To register, visit: - http://msevents.microsoft.com/CUI/EventDetail.aspx?EventID=1032313066&Culture=en-GB
Technology Overview (Vista & .NET 3.0)
This one day technical overview highlights the new technologies in Windows Vista and .Net Framework 3.0 and outlines how these might be leveraged within your applications.
This session is aimed at Architects, Senior developers and System Designers
Familiarity with .Net Framework desirable.
The day will be a mixture of presentations and demos with lots of time set aside for discussion. (NB the event is constrained to a maximum of 20 people, 2 per company, to ensure lots of opportunity for discussion!).
The session assumes limited or no previous exposure to the technologies covered.
31st October & 23rd November (Welcome time - 9:30am)
To register, visit:
Oct 31st: http://msevents.microsoft.com/CUI/EventDetail.aspx?EventID=1032312548&Culture=en-GBNov 23rd: http://msevents.microsoft.com/CUI/EventDetail.aspx?EventID=1032312554&Culture=en-GB
I read a couple of interesting announcements yesterday, both around the Xbox 360. The first, over on GameDaily Biz, talks about the fact that, as we know, Microsoft is already working away on the next version of the Xbox, but also that the chip that powers the next console, may in fact be made by Microsoft. So far, in the original Xbox we had a trusty old Intel chip. In the 360, we had the IBM PowerPC-based chip, whereas Sony on the other hand, had their custom CPU, rolling in at about 300mhz, and with its funky name 'The Emotion Engine', and now, they too have moved towards producing their own chip; the extremely powerful Cell Processor. They are however, not producing this on their own, they have Toshiba and IBM on board for this - would Microsoft consider going it alone? In my eyes - abit risky...
Well, so far, Microsoft has started the new project, tentatively called the Computer Architecture Group. Watch this space I guess!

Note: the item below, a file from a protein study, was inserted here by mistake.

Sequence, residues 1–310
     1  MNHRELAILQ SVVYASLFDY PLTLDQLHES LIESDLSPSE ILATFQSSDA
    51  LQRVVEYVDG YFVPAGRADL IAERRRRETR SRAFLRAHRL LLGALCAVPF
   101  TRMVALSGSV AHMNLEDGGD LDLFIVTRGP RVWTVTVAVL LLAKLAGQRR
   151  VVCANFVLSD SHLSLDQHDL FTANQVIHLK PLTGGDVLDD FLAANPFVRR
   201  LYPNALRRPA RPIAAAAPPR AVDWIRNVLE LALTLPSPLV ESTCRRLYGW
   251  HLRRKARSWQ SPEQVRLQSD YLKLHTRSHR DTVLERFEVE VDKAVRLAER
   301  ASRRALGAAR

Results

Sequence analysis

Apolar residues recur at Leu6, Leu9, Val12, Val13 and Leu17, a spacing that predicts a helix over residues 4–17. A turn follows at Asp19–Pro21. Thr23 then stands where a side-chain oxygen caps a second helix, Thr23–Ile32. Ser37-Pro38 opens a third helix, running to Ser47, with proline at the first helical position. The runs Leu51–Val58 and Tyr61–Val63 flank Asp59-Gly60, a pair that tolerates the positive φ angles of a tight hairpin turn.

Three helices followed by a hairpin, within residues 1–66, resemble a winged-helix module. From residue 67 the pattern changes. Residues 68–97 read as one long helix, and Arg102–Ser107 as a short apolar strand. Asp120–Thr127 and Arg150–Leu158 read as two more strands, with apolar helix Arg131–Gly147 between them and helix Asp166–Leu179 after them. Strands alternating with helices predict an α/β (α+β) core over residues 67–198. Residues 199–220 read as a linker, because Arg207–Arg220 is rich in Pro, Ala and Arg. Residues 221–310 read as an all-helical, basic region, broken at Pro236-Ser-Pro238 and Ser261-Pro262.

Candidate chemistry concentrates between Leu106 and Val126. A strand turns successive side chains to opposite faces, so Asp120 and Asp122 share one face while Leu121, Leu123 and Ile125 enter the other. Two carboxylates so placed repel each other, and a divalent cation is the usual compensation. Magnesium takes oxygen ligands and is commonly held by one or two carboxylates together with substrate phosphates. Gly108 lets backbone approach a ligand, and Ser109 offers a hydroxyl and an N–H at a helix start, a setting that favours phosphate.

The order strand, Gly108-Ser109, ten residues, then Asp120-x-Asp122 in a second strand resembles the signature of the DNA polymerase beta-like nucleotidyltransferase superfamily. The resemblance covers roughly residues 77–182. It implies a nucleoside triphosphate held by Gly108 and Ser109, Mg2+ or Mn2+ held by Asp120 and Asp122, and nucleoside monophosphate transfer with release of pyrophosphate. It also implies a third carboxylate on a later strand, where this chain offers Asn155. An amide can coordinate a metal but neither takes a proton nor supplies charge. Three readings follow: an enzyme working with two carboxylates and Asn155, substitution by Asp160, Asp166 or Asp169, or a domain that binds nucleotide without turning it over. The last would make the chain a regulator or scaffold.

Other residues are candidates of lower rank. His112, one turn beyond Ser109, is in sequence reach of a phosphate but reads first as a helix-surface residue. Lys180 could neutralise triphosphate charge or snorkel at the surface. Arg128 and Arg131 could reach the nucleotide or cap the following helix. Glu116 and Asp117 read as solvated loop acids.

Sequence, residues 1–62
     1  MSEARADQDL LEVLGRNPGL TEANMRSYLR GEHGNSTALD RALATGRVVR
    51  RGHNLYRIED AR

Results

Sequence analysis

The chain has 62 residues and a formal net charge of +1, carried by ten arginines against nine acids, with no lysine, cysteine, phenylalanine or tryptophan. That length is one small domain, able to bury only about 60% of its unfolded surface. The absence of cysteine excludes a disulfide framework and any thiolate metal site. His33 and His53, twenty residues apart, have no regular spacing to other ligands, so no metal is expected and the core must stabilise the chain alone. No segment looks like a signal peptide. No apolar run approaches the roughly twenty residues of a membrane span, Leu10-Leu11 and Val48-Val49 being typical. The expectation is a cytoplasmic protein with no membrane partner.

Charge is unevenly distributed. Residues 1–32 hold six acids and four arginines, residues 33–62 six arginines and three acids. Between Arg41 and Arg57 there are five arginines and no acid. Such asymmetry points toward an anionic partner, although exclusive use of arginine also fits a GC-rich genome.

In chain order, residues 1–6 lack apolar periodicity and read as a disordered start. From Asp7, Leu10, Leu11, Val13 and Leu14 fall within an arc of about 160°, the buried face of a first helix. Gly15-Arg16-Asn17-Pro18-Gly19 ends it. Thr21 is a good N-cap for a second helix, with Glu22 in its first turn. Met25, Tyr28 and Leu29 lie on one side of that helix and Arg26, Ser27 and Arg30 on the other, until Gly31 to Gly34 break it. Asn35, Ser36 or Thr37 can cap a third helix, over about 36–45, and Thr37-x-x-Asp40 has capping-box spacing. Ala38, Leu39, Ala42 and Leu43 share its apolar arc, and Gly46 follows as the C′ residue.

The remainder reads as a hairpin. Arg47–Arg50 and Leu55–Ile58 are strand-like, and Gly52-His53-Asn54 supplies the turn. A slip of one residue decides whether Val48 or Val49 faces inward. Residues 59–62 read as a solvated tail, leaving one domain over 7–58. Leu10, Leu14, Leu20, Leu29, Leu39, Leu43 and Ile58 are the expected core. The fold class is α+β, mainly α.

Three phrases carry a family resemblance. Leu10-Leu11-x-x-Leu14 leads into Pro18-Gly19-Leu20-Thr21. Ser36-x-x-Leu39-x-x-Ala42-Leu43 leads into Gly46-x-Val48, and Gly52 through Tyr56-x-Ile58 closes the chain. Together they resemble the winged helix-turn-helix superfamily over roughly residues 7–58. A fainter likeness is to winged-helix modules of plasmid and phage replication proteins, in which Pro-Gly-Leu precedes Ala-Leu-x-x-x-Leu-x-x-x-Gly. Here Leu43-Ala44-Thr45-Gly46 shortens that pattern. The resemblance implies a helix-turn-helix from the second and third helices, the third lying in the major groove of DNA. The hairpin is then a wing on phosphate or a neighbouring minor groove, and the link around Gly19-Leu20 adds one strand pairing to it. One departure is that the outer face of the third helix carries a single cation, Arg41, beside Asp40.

This wasn't the only announcement, oh no. When Microsoft released the Xbox, they decided, just the same as Sony has now, to release the console in 2 flavours, Core and Premium. I don't know about you, but I didn't think twice about which one I would buy - Premium all the way - for a number of reasons, one of which being the 20gb hard disk. That will be useful I thought. Now, they have only gone and announced the release of a 100gb Hard Disk for the Xbox 360. Now, as a 20gb owner, if I get the 100gb version, what am i supposed to do with the 20gb version? I've no box for it, as it came attached to the console, and if there is a 100gb version, it's unlike many people will want it on eBay. No date has been set for the release, however, as the guys on BetaNews say, when it does release, "With 100GB of storage, Microsoft could more easily position the Xbox as a full-blown media center for the living room"
I'm not sure if I'd want a 100gb hard disk for my Xbox to be honest. I would like a Media Center, in fact, I recently specc'd up my own home-built version, Core2Duo included, but, the Xbox as a fully fledged Media Center? I'm not so sure. Don't get me wrong, the Xbox as a Media Center Extender - awesome, especially when Vista Media Center is being extended, but, that's the key, it's an extender, not a fully functional Media Center. What if you don't have a Media Center? What does your Xbox give you? Well, it gives you the Live interface, but in terms of looking at your pictures, listening to your music, watching your video's etc, the interface, well, it's abit basic, especially compared to the awesome Media Center. Don't get me wrong, Xbox Live is, in my opinion, the killer feature of the 360, and something that Sony really has to work hard against if they want to get anywhere close in online gaming arena. So, would I need a 100gb hard disk? At the moment, definitely not. Of the 20gb disk i currently have, 13gb is available, and I currently have, just 1 downloaded demo on there, so, I have about 11gb left. I don't store my music on there, nor do I store video's. When game downloads become the norm, then I can see the 100gb hard disk becoming useful, however, unless they make a dramatic update to Live, and make the 360 into a fully fledged Media Center, I'm not too sure I'd ever need to invest in the 100gb disk. For those of you who have a large collection of music, photo's, and (non-divX) movies, and you are only looking for a no-fuss interface to access your collection, than the disk may be an ideal upgrade, but if you are like me, until it becomes a fully fledged Media Center, like this: